Pakistan displacement update
Pakistanis continue to leave the areas of conflict between government forces and militants in search of refuge in Mardan, Charsadda, Swabi and Nowshera districts of North West Frontier Province (NWFP). Some 18,000 families - about 126,000 people - are registered on average every day in these districts.
According to provincial government authorities, the number of displaced people from the Swat, Lower Dir and Buner districts registered in a fast track process since 2 May has now reached over 2.38 million people. However, these figures are being cross-checked and verified in a second-stage process, and may change.
The federal government and provincial authorities are discussing the modalities for the registration and assistance to displaced people beyond NWFP.
Many people are still reportedly stranded in the conflict zones. The lifting of the curfew only lasts for some hours and the roads get quickly congested as people rush to flee. A bus ride from Mingora, Swat District, to Mardan town has tripled (from 2,000 rupees / $US24 to 6,000 rupees / $US74) according to people escaping the volatile area.
For those who have reached the safety of camps, UNHCR is working with government authorities to build separate shaded communal areas for men and women in Jalala, Sheikh Yaseen, Sheikh Shahzad and Yar Hussein camps to provide access to cool areas. In Sheikh Shazad, for instance, 14 communal shaded areas have been set up, half for men, the other half for women. In those sectors where electricity has already been installed, communal spaces have electric water coolers, and three other electric points for fans, lighting and recharging of electrical devices such as mobile phones. Installation of electricity in camps by local authorities is ongoing.
Working with our partner, the Communal Development Programme (CDP), UNHCR has started to distribute bricks to each family to build individual kitchen stoves in Yar Hussain, Jalala, Sheikh Yaseen, Sheikh Shazad and Jalozai camps. The stoves will allow the displaced people to cook their own meals with rations from the World Food Programme. Up to now, the government has provided people with cooked meals through private contractors.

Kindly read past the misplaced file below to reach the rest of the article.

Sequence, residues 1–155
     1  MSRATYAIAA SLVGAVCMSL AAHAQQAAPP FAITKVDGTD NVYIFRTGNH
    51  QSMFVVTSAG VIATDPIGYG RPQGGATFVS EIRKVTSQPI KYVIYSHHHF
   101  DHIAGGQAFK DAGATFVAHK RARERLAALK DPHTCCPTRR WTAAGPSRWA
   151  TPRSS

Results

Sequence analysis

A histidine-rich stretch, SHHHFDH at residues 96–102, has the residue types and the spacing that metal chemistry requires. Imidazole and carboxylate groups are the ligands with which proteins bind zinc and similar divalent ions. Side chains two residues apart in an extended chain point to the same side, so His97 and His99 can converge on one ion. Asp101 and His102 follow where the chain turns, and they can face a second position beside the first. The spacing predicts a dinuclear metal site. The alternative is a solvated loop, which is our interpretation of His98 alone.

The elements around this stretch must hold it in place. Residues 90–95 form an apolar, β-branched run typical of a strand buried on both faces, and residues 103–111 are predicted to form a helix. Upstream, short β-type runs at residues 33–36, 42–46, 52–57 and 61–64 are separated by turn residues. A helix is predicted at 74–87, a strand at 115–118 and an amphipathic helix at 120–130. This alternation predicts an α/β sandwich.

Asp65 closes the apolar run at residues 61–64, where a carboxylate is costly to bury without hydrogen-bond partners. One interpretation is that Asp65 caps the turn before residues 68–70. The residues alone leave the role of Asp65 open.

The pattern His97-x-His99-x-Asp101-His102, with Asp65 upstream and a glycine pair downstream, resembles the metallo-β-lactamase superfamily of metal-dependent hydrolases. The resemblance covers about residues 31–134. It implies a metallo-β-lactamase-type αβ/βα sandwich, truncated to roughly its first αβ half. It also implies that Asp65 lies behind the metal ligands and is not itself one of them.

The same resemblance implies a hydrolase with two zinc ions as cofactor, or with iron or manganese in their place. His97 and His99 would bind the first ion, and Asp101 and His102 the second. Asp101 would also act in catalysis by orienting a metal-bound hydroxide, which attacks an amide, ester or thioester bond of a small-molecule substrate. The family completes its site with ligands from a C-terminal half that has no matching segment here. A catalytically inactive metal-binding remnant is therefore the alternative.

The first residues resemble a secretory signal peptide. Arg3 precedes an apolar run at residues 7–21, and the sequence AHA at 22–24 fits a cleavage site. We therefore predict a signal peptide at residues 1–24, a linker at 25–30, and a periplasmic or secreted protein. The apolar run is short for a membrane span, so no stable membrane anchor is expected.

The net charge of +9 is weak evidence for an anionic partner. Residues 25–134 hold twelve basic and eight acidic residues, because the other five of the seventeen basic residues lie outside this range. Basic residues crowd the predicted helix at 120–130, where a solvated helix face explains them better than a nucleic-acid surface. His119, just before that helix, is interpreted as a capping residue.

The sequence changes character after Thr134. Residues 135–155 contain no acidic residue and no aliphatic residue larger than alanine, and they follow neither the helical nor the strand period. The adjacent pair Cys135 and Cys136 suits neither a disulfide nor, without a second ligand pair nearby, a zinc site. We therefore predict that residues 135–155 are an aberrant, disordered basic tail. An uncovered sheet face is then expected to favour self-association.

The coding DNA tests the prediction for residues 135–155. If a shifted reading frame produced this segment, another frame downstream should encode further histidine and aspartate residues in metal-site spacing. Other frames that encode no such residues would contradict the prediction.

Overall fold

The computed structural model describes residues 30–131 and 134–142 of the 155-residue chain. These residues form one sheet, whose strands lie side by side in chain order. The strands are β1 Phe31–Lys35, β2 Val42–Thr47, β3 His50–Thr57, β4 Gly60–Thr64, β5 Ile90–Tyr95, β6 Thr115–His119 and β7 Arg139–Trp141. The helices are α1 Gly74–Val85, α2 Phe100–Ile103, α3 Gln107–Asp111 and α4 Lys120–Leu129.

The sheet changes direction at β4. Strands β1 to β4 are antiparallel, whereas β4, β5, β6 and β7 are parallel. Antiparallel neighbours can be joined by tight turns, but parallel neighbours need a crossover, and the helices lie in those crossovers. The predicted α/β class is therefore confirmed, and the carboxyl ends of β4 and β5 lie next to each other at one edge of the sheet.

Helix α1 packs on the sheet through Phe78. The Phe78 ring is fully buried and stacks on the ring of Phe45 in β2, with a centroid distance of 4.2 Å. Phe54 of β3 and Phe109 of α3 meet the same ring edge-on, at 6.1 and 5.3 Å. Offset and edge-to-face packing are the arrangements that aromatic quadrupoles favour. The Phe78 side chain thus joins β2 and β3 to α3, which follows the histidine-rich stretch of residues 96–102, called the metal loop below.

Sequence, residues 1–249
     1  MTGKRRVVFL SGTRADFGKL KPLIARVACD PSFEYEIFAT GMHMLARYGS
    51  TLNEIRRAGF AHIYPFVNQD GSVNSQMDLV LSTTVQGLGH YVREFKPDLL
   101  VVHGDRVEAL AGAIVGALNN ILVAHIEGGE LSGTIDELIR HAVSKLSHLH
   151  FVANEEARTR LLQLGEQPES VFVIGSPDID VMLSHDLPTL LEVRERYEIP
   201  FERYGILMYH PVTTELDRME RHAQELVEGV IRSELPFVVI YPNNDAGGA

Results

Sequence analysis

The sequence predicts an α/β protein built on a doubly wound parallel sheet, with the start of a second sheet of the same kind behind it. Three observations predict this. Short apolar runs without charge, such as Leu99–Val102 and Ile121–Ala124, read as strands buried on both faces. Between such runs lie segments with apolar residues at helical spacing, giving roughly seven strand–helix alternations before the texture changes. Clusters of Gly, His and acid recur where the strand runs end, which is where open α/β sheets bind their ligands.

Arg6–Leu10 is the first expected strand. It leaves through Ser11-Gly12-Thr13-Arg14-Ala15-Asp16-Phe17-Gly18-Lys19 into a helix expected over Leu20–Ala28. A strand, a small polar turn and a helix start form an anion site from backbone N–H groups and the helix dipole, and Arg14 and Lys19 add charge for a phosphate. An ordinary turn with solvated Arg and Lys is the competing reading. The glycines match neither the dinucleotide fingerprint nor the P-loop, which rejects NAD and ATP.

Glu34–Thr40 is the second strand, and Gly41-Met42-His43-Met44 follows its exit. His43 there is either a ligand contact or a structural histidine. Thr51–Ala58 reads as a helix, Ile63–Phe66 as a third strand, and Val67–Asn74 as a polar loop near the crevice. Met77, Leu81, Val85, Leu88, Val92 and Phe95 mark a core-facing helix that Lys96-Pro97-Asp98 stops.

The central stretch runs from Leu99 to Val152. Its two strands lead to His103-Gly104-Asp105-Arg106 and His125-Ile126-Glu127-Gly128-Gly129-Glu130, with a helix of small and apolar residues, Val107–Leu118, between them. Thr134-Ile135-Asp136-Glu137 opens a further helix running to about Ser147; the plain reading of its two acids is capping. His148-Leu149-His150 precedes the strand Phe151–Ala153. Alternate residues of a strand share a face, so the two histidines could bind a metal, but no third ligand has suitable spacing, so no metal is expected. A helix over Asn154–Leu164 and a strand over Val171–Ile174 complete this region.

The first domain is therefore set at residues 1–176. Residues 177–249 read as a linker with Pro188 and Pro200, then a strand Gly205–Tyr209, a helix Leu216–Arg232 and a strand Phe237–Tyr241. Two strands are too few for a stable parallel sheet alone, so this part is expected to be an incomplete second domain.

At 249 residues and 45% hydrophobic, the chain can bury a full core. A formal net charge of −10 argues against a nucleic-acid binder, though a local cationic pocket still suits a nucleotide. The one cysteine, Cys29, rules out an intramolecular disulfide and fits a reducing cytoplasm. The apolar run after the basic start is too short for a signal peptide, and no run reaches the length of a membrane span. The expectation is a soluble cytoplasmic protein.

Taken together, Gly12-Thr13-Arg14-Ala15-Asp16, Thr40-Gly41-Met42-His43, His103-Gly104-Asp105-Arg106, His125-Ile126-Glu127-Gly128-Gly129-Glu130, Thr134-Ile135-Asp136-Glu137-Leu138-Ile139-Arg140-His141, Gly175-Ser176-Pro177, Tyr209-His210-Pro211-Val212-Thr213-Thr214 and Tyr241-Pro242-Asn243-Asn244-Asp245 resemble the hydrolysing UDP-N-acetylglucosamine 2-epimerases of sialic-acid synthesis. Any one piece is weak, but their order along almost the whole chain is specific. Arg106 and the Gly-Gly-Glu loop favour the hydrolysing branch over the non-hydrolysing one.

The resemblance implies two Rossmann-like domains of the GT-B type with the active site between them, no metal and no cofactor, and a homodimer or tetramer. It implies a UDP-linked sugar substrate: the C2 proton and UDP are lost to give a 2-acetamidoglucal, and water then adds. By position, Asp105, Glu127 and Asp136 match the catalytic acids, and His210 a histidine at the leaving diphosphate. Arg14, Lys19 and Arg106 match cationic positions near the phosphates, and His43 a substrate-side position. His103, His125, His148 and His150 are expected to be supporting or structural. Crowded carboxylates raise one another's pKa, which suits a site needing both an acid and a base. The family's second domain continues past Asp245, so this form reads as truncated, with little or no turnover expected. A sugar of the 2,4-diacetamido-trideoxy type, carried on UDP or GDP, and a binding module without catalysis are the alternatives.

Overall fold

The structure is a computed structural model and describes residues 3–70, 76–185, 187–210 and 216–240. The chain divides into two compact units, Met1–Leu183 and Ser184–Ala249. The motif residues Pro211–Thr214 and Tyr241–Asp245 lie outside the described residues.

At the same time, UNHCR continues to witness many acts of generosity from the Pakistani community towards their fellow citizens. In Jalozai camp, for example, which now hosts another 50,200 new displaced people since 2 May, a private donor has given food packages of wheat flour, sugar, spices, tea, pulses and flavoured syrup, to help some 2,400 people.
Others are bringing relief such as food, clothes and mattresses to the thousands of families staying in schools. One woman now resident in Islamabad but originally from Mardan, travels every weekend to her hometown to bring cash she collects from her friends in the capital to give to the displaced people staying in schools. She also brings clothes and tea.
UNHCR is also stepping up its assistance to people residing in schools in Mardan and Swabi districts. In the Mardan area, our teams have almost completed assessments of 448 schools, and distribution of relief items including jerry cans, buckets, kitchen sets, mattresses and blankets is already underway to 4,500 families, about 37,000 people.
Many displaced people are also staying with families, at relatives' or friends' houses or in rental accommodation. We are also planning to distribute assistance to those people in the near future.
On Saturday, UNHCR's relief supplies for its operation in north-west Pakistan were bolstered by a 36-tonne consignment of tents, plastic rolls, kitchen sets, jerry cans, soap, generators, water tanks and purification equipment airlifted to Islamabad by the Italian Government and donated to UNHCR.
A Relief Bank set up by UNHCR in Nowshera has been receiving in-kind donations from private donors, ranging from sleeping mats to water coolers. Items are being distributed to the displaced people through our local partner the Sarhad Rural Support programme.
We are continuing to buy more supplies from within Pakistan and to ship items from our stockpiles around the world. However, UNHCR urgently needs funds to accelerate the purchase of relief supplies for its operation. On Friday, as part of a larger joint UN appeal, UNHCR called for another $84 million for its operation helping displaced people in north-west Pakistan until the end of 2009.